With a potential housing bubble still a possibility in the minds of a few, analysts at GMAC RFC Securities recently issued a new quantitative measure to determine which metropolitan statistical areas (MSAs) may be subject to a drop in housing values. Their finding: The vast majority of U.S. housing markets have shown no evidence of a housing bubble, the test of GMAC RFC shows.
The persisting question of a housing bubble arises from the persistent asymmetry between the rate of change in housing prices and personal incomes in the country, wrote Michael Youngblood, director of research at GMAC in analysis last week.
For instance, the median existing house prices rose by 8.8% and nominal personal incomes increased 3.3% in the year ending September 2003. Furthermore, in the past year, housing prices increased an average of 5.0% in 318 MSAs. In contrast, personal incomes rose by an average of only 3.1%. The report added that the rate of change of house prices is more than the rate of change of personal incomes in 218, or 68.5%, of the nation's MSAs.
To identify a bubble in an MSA, the movement of house prices should considerably exceed the movement that is caused by fundamental factors. Merely rapid or prolonged increases in housing prices are not enough to constitute a bubble.
The new test uses the underlying distribution of the ratio of housing prices to per-capita personal income, including in its analysis the ratio in each MSA as of September 2003. Those performing the new measure tested the validity by applying it to the housing markets of Boston from 1985-1989 and Los Angeles from 1988-1993. The test confirmed that during these time periods, bubbles had actually occurred in these states. After making sure of the test's validity, analysts calculated the new test for bubbles in 318 MSAs as of September 2003.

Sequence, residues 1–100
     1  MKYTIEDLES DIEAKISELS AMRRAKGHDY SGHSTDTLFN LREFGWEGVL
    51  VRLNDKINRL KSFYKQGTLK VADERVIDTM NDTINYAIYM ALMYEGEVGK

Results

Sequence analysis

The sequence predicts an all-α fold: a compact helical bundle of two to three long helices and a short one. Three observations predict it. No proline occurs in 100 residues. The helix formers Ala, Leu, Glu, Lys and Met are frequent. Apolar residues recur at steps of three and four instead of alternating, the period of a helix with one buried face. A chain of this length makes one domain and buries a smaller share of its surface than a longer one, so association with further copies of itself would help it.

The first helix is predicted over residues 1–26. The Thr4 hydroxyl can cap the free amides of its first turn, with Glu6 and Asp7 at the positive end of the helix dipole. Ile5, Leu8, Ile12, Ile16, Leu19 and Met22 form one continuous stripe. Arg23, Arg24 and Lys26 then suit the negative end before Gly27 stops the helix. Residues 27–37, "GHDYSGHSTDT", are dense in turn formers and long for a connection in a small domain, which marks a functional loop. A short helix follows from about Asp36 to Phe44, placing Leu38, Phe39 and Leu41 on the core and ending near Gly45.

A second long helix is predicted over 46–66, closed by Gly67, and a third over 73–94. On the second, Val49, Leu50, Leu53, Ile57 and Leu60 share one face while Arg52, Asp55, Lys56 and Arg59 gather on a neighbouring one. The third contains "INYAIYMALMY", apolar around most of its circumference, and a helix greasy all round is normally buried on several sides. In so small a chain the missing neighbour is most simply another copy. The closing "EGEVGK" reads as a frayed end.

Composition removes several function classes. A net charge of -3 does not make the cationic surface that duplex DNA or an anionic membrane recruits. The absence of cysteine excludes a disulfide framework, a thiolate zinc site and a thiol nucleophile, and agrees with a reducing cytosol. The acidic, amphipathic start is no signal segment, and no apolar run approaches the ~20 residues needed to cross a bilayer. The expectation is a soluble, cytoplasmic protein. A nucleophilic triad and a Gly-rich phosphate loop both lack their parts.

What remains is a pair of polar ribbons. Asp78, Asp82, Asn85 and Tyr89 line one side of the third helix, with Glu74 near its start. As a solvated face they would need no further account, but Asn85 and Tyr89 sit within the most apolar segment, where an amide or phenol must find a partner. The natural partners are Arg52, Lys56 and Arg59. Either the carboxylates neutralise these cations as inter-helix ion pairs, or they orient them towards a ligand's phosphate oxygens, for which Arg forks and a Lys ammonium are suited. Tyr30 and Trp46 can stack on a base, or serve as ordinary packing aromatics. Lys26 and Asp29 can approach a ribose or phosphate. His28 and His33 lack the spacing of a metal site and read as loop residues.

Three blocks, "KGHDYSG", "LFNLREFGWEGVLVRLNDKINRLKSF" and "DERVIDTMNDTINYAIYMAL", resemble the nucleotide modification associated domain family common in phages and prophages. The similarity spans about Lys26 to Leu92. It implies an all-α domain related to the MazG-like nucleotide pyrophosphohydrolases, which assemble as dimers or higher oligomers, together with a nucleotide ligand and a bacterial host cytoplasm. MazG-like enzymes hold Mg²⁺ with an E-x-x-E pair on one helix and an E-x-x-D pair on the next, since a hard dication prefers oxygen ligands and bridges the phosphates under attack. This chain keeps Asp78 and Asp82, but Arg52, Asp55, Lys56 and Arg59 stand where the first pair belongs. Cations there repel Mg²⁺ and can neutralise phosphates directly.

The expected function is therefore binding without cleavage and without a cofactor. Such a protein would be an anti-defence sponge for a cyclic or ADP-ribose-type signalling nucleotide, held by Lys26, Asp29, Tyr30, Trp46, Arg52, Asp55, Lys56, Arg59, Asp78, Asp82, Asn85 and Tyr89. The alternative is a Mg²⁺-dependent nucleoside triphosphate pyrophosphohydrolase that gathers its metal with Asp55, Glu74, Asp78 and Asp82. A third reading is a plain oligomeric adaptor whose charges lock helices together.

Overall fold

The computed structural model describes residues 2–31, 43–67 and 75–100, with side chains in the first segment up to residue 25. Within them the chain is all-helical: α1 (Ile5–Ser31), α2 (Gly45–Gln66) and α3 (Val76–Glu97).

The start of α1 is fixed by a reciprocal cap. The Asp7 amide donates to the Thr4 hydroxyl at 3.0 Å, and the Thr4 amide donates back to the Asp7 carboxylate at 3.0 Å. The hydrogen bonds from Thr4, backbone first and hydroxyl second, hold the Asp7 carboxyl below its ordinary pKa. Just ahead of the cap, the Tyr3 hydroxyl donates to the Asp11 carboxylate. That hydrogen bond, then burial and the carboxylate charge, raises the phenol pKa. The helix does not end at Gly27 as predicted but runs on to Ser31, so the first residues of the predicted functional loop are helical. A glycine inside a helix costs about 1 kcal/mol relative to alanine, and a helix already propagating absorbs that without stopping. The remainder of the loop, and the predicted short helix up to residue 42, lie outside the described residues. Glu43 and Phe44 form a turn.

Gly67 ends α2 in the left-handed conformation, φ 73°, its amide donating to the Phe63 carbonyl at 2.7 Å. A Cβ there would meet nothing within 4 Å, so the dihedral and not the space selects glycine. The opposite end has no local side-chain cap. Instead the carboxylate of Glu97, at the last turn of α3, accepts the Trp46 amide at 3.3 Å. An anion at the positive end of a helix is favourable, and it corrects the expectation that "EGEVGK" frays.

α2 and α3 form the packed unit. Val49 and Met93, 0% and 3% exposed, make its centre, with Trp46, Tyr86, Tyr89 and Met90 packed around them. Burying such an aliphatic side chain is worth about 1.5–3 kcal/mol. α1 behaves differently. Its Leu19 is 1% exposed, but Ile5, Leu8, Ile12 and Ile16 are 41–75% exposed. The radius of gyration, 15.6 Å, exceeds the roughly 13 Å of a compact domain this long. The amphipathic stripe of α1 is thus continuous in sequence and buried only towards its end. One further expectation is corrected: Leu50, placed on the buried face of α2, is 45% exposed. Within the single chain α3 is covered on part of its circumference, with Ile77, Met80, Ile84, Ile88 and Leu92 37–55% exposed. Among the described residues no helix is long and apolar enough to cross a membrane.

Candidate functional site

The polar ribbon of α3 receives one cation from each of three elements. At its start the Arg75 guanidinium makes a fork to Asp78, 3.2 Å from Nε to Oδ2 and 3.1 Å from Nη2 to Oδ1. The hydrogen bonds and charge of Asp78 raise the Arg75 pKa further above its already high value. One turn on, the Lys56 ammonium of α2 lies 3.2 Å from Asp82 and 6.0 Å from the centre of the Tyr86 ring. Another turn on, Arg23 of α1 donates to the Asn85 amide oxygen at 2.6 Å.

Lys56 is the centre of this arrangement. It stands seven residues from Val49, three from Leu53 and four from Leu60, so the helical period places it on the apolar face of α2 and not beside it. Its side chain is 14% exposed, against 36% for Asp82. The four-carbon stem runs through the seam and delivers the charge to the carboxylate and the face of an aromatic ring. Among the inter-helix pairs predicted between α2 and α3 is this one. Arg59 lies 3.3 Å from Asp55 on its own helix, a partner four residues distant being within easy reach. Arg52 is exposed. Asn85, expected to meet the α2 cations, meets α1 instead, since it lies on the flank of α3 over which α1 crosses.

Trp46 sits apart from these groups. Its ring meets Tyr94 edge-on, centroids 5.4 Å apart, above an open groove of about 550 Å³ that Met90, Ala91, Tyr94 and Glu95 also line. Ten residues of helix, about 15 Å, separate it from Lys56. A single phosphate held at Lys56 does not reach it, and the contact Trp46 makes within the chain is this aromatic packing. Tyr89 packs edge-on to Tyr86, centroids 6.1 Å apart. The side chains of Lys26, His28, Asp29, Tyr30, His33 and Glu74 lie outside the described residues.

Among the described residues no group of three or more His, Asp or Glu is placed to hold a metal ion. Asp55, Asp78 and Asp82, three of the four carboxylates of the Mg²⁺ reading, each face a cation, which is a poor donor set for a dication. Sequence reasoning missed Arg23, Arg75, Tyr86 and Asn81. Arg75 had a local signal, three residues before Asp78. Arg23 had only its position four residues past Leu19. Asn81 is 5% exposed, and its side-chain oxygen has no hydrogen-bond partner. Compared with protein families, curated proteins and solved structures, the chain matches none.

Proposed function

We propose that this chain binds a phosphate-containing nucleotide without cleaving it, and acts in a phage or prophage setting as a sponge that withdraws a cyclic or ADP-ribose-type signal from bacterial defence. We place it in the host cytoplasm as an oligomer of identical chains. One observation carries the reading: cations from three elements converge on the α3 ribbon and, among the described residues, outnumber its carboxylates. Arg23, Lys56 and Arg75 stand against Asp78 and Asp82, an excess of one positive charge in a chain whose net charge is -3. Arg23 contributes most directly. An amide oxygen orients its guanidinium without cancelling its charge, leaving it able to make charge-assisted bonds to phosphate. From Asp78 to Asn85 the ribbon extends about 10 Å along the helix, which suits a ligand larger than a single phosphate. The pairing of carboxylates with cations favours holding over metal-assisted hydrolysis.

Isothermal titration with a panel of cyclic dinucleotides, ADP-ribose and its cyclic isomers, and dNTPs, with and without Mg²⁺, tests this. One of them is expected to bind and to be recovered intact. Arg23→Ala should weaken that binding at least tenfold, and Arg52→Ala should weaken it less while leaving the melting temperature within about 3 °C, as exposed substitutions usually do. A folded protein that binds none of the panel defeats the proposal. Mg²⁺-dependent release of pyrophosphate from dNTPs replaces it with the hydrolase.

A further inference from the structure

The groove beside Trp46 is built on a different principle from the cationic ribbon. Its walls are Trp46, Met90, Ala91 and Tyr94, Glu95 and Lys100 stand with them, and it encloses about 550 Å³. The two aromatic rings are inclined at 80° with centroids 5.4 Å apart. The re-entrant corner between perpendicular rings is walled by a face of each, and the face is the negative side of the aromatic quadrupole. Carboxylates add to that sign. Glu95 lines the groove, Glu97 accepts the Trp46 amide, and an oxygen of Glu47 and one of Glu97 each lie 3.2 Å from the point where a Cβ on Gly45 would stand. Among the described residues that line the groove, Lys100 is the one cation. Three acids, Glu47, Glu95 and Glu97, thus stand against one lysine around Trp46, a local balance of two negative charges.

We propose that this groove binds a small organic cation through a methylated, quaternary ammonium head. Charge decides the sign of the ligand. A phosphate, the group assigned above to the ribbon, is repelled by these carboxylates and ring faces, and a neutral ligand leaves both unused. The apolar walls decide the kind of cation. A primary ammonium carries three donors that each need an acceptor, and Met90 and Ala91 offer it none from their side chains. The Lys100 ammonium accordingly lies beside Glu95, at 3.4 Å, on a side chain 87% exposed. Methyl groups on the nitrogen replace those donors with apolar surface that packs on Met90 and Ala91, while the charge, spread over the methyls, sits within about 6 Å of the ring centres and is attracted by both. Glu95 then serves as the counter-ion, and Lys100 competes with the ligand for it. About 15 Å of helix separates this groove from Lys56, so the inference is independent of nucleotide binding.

The report confirms the existence of housing bubbles in 29 MSAs, including 13 California regions. The aggregate population of the 29 MSAs is 28.7 million, constituting 10.2% of the U.S. population in the 2000 Census. Aside from these MSAs, a considerable percentage of areas do not have housing-price bubbles; the vast majority of the population - 88.8% - lives in these MSAs.
MBS participants would benefit from knowing which markets are stressed in order to make sound investment and underwriting decisions. As one example, this would allow servicers to focus their time and resources in markets where appraisal prices have more variability. A servicer could focus on appraisal verification only in markets where there is likely to be overvaluation instead of merely conducting a random sampling of, say, 10% of all appraisals in a given month.